About the Redistricting Commission

Why do we redraw the district lines?

Communities and populations in Washington change over time. Every 10 years, after the federal government publishes updated census information, Washington redraws the boundaries of its congressional and state legislative electoral districts to ensure that each district represents an equal number of residents.

We made a video that explains the process:

Who is the Commission? 

Also every 10 years, a bipartisan Washington State Redistricting Commission is established for the purpose of redrawing legislative and congressional district boundaries.

The Washington State Redistricting Commission consists of four voting members — two Democrats and two Republicans — picked by the leaders of the Democratic and Republican caucuses in the state House and Senate. A fifth, nonvoting chairperson is then picked by the voting members.

The Commission must draw the district lines in conformity with strict, nonpartisan rules designed to create districts of relatively equal population that will provide fair representation for all Washingtonians.

Two people holding large printed page with LIDAR Data visuals

Washington State Congressional Districts as Redrawn after the 2010 Census

The Commission is working hard to accurately and fairly draw Washington's communities.

The commission has until Nov. 15th, 2021 to draw up new political boundaries for the congressional and legislative districts using 2020 Census data. At least three of four members must agree to the maps. The Legislature can make only minor changes to the commission maps and the governor has no role.

Under state law, districts must be made as equal in population as possible and aren’t supposed to be gerrymandered for partisan advantage or discriminate against any group. They’re also supposed to avoid splitting up cities and other political subdivisions.

2020 Census delays have impacted the Commission's timeline.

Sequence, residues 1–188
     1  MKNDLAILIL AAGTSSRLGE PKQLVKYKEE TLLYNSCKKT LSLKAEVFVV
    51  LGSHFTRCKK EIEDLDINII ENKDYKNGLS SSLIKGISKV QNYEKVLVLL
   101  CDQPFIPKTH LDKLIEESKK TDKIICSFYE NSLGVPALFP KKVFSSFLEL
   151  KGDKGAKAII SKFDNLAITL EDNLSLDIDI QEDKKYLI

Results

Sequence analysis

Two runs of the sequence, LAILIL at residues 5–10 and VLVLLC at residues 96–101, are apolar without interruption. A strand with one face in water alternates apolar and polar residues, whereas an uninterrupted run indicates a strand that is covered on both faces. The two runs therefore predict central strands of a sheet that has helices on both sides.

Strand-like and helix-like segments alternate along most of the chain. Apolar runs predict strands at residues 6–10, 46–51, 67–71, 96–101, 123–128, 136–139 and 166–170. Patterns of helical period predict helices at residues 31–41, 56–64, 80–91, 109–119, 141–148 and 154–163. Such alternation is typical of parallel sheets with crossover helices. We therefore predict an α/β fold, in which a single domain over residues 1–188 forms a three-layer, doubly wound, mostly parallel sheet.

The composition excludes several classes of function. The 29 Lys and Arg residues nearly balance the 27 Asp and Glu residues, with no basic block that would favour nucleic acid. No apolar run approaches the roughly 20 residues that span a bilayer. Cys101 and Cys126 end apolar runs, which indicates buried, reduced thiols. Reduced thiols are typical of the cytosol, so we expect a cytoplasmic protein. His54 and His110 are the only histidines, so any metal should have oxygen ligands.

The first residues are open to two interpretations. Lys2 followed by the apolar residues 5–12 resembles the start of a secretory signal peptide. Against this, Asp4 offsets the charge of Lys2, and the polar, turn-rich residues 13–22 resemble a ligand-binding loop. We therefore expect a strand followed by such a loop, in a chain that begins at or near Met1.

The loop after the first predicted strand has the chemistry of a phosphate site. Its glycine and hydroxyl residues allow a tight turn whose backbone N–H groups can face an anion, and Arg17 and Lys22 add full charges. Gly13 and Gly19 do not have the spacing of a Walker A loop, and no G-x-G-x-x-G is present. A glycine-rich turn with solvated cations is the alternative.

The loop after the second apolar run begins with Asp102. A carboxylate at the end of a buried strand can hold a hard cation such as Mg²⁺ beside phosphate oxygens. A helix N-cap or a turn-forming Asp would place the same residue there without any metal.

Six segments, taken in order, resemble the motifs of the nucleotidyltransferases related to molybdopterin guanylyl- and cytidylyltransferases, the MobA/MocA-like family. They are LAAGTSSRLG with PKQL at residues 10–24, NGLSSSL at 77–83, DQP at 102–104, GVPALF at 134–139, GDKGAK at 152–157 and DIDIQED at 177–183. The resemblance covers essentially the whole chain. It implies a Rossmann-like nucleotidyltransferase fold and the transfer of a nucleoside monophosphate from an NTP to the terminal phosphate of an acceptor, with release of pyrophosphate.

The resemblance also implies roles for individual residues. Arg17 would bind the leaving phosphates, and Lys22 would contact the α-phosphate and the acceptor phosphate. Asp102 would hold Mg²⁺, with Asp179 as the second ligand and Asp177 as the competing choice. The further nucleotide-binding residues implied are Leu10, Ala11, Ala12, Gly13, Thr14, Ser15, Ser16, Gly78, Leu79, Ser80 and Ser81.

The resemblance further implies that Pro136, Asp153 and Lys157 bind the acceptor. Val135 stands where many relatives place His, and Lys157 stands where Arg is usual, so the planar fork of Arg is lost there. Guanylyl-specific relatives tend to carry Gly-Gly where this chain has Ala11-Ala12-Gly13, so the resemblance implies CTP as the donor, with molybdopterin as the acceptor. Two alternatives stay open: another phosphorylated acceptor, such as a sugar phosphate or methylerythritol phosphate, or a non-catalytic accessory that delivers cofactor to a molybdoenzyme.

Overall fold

Data from the Census Bureau is the data all states use to perform their redistricting. COVID-19 delayed the normal process of data collection by several months, leading to delays in data processing and consequently the delivery of the data.

The nation received the apportionment data on April 26, which confirmed that there is no change in the number of congressional representatives or electoral college votes here in Washington state – even if there were changes elsewhere.

The apportionment data should have been delivered to the president at the end of 2020, but due to delays caused by the pandemic, they needed extra time to clean the data. Overall, the Bureau reported that Washington has a population of 7,705,281, which is 14.6% more than in 2010 and represents an increase of more than a million people.

As a nation, the population grew 7.4%, which is one of the slowest growths recorded in history. The Census Bureau recorded a total US resident population of 331,449,281.

Many may ask: how much did my county, city, community grow? We don’t have that information yet. While the Bureau should have released that data on April 1, 2021 – it does not expect to be able to provide that data to the public until September 30, 2021 due to all of the complications caused by the pandemic and the changed timeline for data collection.

Given that this delay introduces several challenges for states with early deadlines for redistricting processes defined in their constitutions or laws, the Bureau has announced that it will provide to the public a data file with final redistricting data as early as August 16, 2021 in an unrefined form.

Washington’s deadline to produce maps is November 15 – so we welcome the Bureau’s early release of data. And we are currently identifying our staffing needs that will enable us to take the unrefined data we receive in August and use it to begin to draw maps before the release of the more friendly data on Sept. 30.

The Commission needs your help to accurately draw community districts in Washington state.

Public participation is important in helping us better understand district boundaries that may divide communities.

  • Tell us about your community. Send us your comments and insights about your community and what makes it whole. You can do this by mail, email, phone, webform, or by submitting a video directly to the commission. 
  • Draw your community on our map. Share your idea of how voting district boundaries should be drawn in your community or throughout the state. Use our DRAW YOUR WA mapping tool to easily draw the boundaries of your community and send it directly to the commission. COMING JUNE 2021.
  • Share your testimony with the Commission. Participate in a public forum in your outreach zone. Find out where and when by finding your outreach zone on our map. All forums will be held virtually, and participation is easy. 
  • Collaborate with your neighbors. Host a virtual meeting in your community and invite your neighbors to participate with you. We have outreach materials to help you do this.

Legal Requirements

Want to Learn More? Visit our Frequently Asked Questions page.

Frequently Asked Questions

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